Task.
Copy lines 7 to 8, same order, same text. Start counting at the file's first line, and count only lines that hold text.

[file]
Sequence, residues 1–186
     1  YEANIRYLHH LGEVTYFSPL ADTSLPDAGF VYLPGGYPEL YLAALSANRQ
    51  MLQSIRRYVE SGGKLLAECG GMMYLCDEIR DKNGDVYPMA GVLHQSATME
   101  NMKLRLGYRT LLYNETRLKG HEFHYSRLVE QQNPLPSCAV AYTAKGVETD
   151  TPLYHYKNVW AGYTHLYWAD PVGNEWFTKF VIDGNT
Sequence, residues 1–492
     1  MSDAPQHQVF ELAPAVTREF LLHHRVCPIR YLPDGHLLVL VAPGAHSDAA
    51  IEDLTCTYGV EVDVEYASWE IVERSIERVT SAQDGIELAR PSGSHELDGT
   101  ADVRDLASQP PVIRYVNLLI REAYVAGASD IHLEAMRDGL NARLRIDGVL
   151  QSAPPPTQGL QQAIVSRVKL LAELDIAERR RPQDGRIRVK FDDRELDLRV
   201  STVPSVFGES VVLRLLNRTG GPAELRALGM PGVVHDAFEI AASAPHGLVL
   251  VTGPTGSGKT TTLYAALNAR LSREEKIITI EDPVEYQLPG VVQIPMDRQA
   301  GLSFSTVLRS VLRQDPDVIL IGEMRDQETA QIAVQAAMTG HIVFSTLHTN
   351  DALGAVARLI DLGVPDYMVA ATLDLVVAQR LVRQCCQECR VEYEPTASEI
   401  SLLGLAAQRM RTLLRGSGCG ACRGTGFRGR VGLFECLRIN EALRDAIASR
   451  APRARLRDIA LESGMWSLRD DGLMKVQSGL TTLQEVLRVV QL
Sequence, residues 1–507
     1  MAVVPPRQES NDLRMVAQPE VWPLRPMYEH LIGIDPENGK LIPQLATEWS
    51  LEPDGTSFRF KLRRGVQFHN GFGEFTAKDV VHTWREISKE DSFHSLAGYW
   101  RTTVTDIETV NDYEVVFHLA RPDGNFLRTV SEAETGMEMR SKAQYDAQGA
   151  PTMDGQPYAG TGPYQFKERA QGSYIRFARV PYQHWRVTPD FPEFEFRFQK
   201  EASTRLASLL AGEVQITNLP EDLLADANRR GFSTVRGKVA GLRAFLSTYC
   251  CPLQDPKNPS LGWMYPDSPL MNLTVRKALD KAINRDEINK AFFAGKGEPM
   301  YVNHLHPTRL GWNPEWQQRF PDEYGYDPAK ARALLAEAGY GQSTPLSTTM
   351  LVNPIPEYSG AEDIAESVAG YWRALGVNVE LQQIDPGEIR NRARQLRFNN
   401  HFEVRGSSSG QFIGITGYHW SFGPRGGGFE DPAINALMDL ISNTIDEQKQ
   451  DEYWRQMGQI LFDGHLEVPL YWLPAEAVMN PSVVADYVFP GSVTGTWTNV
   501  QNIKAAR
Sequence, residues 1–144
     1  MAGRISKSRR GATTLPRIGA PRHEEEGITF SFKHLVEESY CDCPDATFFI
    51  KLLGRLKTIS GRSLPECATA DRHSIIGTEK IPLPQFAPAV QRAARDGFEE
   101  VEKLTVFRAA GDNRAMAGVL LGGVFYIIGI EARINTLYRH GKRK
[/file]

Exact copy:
     1  MSDAPQHQVF ELAPAVTREF LLHHRVCPIR YLPDGHLLVL VAPGAHSDAA
    51  IEDLTCTYGV EVDVEYASWE IVERSIERVT SAQDGIELAR PSGSHELDGT